A Caltech Library Service

Impact-Induced Phase Transformations in Elastic Solids: A Continuum Study Including Numerical Simulations for GeO₂


Winfree, Nancy A. (1999) Impact-Induced Phase Transformations in Elastic Solids: A Continuum Study Including Numerical Simulations for GeO₂. Dissertation (Ph.D.), California Institute of Technology. doi:10.7907/4dhf-fj83.


This thesis applies recently developed continuum theories of diffusionless phase transformations in solids to the study of impact problems involving materials which can experience such phase changes. Our objective is to compare the theoretical predictions against certain experimental results.

In the experiments of interest, a face-to-face impact occurs between a disk of amorphous germanium dioxide and another material, either tungsten or an aluminum alloy. The GeO₂ is believed to transform to another phase if sufficient compressive stress is achieved.

We model these experiments using one-dimensional finite elasticity. Phase-changing materials are represented by non-convex potential energy functions. This can produce phase boundaries that propagate subsonically or supersonically with respect to the slower longitudinal wave speed of the two phases. When a subsonic phase boundary is possible, it is not uniquely determined by the fundamental field equations and jump conditions. Uniqueness is obtained by invoking a nucleation criterion to control the initiation of the new phase, and a kinetic relation to govern its evolution.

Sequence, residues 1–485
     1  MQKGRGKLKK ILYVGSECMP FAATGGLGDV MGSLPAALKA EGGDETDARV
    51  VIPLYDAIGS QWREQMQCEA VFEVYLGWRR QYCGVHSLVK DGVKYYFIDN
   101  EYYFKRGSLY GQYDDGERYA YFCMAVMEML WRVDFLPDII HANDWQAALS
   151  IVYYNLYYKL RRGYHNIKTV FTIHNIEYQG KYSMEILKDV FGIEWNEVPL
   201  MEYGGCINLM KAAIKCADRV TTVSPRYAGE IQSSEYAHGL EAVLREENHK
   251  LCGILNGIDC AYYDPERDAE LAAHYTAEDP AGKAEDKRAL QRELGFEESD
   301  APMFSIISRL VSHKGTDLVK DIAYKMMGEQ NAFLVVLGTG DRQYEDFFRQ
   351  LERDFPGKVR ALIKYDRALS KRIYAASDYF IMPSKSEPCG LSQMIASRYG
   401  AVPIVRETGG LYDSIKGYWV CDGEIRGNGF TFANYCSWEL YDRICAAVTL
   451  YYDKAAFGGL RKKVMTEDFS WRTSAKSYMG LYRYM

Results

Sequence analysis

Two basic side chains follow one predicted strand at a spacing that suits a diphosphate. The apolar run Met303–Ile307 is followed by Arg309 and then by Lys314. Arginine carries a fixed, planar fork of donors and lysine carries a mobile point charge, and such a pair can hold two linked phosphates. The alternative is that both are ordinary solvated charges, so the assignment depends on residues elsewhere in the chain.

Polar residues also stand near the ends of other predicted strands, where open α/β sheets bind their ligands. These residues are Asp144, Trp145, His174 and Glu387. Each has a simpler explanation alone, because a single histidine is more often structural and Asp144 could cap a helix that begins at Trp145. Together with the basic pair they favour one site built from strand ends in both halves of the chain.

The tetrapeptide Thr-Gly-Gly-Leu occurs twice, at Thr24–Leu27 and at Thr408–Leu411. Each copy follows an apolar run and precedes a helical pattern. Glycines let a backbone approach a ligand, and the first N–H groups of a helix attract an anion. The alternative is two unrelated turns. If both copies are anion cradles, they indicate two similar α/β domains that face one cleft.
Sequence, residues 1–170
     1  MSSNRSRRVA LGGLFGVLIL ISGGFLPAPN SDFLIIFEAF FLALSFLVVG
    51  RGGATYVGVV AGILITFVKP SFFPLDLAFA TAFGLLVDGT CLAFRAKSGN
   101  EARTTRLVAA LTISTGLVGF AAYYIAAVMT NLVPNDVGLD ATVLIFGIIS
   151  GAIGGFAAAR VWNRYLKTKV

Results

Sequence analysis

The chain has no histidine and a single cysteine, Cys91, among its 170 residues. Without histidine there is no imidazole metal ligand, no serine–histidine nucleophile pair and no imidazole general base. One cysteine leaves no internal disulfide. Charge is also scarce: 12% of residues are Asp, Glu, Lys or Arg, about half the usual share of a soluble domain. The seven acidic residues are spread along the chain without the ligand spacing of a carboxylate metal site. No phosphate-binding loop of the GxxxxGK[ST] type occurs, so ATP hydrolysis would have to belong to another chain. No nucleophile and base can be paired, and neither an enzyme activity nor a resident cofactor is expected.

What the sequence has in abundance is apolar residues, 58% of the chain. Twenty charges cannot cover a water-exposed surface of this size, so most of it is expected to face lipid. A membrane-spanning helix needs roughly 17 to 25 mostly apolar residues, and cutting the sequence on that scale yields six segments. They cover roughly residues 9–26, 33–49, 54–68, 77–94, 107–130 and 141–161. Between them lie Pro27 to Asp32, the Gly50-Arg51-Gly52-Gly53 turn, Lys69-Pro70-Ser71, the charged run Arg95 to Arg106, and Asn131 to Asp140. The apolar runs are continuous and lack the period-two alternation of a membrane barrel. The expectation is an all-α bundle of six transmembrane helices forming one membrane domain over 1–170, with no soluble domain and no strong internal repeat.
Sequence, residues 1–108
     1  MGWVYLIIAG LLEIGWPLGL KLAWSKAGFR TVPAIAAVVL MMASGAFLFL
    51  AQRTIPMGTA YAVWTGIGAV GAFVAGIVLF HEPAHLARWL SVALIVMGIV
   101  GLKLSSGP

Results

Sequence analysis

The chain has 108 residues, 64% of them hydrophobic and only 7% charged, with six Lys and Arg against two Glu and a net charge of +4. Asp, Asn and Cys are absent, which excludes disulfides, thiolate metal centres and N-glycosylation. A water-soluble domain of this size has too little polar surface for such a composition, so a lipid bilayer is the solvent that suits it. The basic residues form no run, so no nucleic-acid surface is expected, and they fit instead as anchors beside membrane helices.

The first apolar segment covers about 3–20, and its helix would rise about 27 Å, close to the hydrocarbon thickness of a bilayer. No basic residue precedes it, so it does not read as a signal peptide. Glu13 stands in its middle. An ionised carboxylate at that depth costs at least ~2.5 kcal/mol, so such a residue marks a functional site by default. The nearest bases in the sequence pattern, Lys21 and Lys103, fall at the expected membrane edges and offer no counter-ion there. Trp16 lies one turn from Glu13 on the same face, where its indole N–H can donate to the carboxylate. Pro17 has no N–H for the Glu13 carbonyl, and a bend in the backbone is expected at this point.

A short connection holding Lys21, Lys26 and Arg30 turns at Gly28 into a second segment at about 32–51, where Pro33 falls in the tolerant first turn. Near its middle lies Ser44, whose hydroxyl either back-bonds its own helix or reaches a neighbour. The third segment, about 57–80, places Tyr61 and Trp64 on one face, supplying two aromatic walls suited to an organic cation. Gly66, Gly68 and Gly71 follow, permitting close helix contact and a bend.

The experiments considered here are sufficiently long in duration (≈ 3 µs) that several reflections and wave interactions occur, and the analysis becomes analytically intractable. Accordingly, a finite-difference method of Godunov type is employed to analyze these experiments numerically. Methods of Godunov type treat adjoining discretized spatial elements as the two sides of a Riemann problem, which is typically solved approximately by linearizing around the initial conditions on each side. Fortuitously, all constitutive models employed in this thesis are such that the required Riemann problems can be solved exactly without too much effort.

Simulations utilizing the numerical method demonstrate that the impact response of a material is sensitive to the kinetic relation that enters the model. It appears the theory may offer a plausible description of the experiments, though the restrictions placed on the constitutive models herein seem too severe to provide a good quantitative match to the experimental results.

Item Type:Thesis (Dissertation (Ph.D.))
Subject Keywords:Applied Mechanics
Degree Grantor:California Institute of Technology
Division:Engineering and Applied Science
Major Option:Applied Mechanics
Thesis Availability:Public (worldwide access)
Research Advisor(s):
  • Knowles, James K. (advisor)
  • Ahrens, Thomas J. (co-advisor)
Thesis Committee:
  • Knowles, James K.
  • Ahrens, Thomas J.
Defense Date:13 May 1999
Record Number:CaltechETD:etd-02262008-153435
Persistent URL:
Default Usage Policy:No commercial reproduction, distribution, display or performance rights in this work are provided.
ID Code:775
Deposited By: Imported from ETD-db
Deposited On:12 Mar 2008
Last Modified:03 May 2021 15:58

Thesis Files

[img] PDF - Final Version
See Usage Policy.


Repository Staff Only: item control page